Hallowed Ground

By Don Rollins

There’s a little congregation on the Minnesota prairie that, upon learning that their century-old bone yard was planted atop a Native American burial ground, brought in a local medicine man to re-consecrate the land. (The church could not bring itself to dig up its own tribal elders, so they did the next best thing.) This was not done lightly. It was an act of contrition, confession and respect. It was the hallowing of an otherwise ordinary acre of black dirt.

When you think about it, America is the land of hallowed ground, much of it dedicated to and with great solemnity. Witness the hell that broke loose over two of the nation’s most solemnified plots of terra firma, Ground Zero and the National Mall.

You know the scoop. First comes the firestorm, mostly from the right, over the construction of a mosque more or less two blocks from the site of the former Trade Center. (I don’t know how far away one needs to be in order to practice Islam in that part of New York, but evidently two blocks won’t cut it. I guess it’s a praise-the-Lord-and-pass-the-xenophobia thing.)

And then, last week, a goodly number on our side goes nuclear over that tent meeting (sans tent) our wacky TV pal Glenn Beck put together on the Mall ... 47 years to the day after the “Dream” speech echoed there. (How tasteful. But I think we overreacted on that one, and got punked by a Tea Party ringmaster for our trouble.)

So, what we have here are two hallowed places, two controversies and two instances of another, less partisan American tendency: symbol worship.

Regarding Ground Zero, it’s hard to overstate its symbolic portent in general, but to conservatives in particular. As though the deaths, injuries and emotional carnage were not grievous enough, our national psyche was violated to realize that it really could happen here, after all. Could and did.

As to the Mall (Lincoln Memorial, to be exact) it is forever entwined with the progressive’s reading of King’s dream. A searing, engaging vision was laid before the nation — a vision of great gain, but at a great cost: the entire social/economic/political order as it relates to race and class. For that and subsequent generations on the left, the Dream speech became a beloved and enduring symbol for hope and change.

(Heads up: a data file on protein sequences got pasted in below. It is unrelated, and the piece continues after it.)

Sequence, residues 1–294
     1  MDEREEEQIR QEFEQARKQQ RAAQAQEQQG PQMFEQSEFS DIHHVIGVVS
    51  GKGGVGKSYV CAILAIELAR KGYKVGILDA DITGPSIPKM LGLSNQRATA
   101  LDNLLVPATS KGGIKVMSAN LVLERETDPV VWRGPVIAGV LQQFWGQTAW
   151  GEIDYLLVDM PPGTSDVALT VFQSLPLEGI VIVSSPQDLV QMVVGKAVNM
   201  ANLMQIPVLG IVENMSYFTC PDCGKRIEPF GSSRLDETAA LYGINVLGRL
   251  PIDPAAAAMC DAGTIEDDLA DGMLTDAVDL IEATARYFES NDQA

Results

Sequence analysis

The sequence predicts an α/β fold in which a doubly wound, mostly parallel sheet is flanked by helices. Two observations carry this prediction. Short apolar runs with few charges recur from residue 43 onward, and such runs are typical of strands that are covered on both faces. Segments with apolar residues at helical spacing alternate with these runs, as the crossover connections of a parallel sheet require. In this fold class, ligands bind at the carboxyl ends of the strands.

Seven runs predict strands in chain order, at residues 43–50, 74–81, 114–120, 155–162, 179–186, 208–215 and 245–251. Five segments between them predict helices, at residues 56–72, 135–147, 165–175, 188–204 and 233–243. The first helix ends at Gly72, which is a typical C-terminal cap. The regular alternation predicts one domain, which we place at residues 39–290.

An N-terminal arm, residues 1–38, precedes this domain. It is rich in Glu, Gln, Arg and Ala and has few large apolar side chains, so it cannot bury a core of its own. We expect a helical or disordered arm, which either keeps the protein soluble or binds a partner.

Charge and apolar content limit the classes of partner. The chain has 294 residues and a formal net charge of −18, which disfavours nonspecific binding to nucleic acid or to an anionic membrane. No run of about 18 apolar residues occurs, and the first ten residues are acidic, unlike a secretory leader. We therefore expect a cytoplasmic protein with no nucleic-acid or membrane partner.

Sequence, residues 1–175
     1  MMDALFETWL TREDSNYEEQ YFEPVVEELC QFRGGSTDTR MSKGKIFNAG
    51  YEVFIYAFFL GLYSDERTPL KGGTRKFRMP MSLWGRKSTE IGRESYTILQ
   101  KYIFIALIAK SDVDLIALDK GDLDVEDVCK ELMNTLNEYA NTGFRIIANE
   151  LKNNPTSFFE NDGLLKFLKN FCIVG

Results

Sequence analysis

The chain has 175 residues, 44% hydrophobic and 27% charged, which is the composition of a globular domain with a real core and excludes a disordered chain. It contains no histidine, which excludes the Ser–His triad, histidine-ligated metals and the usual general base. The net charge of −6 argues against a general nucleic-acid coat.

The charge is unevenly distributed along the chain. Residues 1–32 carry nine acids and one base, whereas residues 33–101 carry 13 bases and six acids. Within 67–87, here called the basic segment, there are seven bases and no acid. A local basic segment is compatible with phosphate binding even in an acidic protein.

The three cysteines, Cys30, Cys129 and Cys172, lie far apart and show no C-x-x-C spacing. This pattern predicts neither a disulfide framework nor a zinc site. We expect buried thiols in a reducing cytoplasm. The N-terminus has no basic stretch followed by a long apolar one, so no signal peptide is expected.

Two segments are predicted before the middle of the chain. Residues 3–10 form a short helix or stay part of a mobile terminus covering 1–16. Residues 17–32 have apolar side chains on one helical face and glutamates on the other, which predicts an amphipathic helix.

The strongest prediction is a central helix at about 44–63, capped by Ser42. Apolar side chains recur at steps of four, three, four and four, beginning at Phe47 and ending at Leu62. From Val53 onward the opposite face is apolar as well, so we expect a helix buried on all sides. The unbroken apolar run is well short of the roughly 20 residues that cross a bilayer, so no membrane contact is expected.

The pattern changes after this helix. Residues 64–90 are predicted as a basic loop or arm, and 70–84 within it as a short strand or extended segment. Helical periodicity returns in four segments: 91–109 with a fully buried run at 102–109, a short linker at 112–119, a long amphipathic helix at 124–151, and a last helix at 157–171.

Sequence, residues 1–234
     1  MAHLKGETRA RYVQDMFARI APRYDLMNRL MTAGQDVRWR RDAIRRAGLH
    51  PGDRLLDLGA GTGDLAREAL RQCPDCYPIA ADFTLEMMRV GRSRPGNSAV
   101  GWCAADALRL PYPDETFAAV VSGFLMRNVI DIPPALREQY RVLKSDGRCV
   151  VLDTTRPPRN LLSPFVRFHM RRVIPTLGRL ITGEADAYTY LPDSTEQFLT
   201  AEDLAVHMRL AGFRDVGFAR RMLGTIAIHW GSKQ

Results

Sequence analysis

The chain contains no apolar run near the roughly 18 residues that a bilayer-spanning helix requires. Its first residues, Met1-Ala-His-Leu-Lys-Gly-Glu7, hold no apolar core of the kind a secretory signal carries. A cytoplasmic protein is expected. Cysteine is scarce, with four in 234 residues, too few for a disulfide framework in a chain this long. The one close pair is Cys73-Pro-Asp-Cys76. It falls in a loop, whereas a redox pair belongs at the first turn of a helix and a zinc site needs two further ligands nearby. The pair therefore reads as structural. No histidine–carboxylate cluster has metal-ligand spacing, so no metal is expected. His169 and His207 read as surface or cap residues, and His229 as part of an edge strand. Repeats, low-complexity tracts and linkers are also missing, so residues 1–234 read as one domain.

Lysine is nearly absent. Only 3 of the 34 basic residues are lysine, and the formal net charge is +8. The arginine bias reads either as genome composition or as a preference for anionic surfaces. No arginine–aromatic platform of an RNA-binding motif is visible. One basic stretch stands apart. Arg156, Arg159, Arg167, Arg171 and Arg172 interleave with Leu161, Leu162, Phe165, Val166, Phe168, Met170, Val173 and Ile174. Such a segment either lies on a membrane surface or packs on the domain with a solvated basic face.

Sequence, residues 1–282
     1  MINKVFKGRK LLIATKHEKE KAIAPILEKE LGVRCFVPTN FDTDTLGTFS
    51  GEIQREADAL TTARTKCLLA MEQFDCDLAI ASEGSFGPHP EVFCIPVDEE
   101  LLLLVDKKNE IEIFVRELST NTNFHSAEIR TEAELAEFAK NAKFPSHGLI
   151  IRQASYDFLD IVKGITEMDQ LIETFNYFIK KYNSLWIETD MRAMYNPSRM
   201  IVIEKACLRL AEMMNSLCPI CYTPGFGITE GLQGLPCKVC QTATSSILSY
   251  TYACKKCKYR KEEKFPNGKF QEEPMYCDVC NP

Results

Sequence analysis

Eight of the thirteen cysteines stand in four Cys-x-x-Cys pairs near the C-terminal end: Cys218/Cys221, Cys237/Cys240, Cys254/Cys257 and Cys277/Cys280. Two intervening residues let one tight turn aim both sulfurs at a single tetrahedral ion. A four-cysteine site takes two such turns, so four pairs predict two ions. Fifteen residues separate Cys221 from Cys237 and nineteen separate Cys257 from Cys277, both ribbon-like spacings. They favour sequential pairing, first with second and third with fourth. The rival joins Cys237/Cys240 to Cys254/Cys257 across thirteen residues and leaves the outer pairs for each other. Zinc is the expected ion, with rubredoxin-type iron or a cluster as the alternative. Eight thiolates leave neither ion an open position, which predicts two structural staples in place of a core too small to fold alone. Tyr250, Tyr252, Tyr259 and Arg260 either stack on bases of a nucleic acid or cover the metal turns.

So, who owns Ground Zero? Who owns the Lincoln Memorial? Everybody. And nobody.

We’re nowhere near ready to have a measured conversation in answer to these questions. At this point, all we can say for sure is that, were hallowed ground treated as a place of memory, not a place to be itself worshiped, no one would have to tend the watch fires against infidels, real or imagined. No religious zone planning. No fear of defilement. No public discourse that generates more heat than light.

But that’s not where we are.

Ground Zero will not be at all sullied by the presence of a nearby mosque, nor did Beck commit high blasphemy by holding a rally in Lincoln’s shadow. At some point, hopefully soon, it will dawn on us that this is not about our hallowed ground. This is about who owns our hallowed ground.

Rev. Don Rollins is a Unitarian Universalist minister in Spartanburg, S.C. Email donaldlrollins@gmail.com.

From The Progressive Populist, October 1, 2010


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